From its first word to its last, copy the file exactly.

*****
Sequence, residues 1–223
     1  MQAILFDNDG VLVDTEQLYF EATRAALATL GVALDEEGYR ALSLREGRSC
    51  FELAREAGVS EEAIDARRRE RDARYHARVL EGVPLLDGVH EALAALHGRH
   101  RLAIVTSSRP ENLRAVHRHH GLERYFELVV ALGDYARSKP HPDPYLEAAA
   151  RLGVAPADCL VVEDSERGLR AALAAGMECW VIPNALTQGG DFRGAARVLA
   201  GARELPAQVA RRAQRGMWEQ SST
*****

Sequence, residues 1–223
     1  MQAILFDNDG VLVDTEQLYF EATRAALATL GVALDEEGYR ALSLREGRSC
    51  FELAREAGVS EEAIDARRRE RDARYHARVL EGVPLLDGVH EALAALHGRH
   101  RLAIVTSSRP ENLRAVHRHH GLERYFELVV ALGDYARSKP HPDPYLEAAA
   151  RLGVAPADCL VVEDSERGLR AALAAGMECW VIPNALTQGG DFRGAARVLA
   201  GARELPAQVA RRAQRGMWEQ SST